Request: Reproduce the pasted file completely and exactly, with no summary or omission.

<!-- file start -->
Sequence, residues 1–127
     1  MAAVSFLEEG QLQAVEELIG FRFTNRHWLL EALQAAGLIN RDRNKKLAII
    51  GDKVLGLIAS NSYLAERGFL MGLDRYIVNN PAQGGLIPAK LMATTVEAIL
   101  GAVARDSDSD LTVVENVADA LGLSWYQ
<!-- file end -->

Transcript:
Sequence, residues 1–127
     1  MAAVSFLEEG QLQAVEELIG FRFTNRHWLL EALQAAGLIN RDRNKKLAII
    51  GDKVLGLIAS NSYLAERGFL MGLDRYIVNN PAQGGLIPAK LMATTVEAIL
   101  GAVARDSDSD LTVVENVADA LGLSWYQ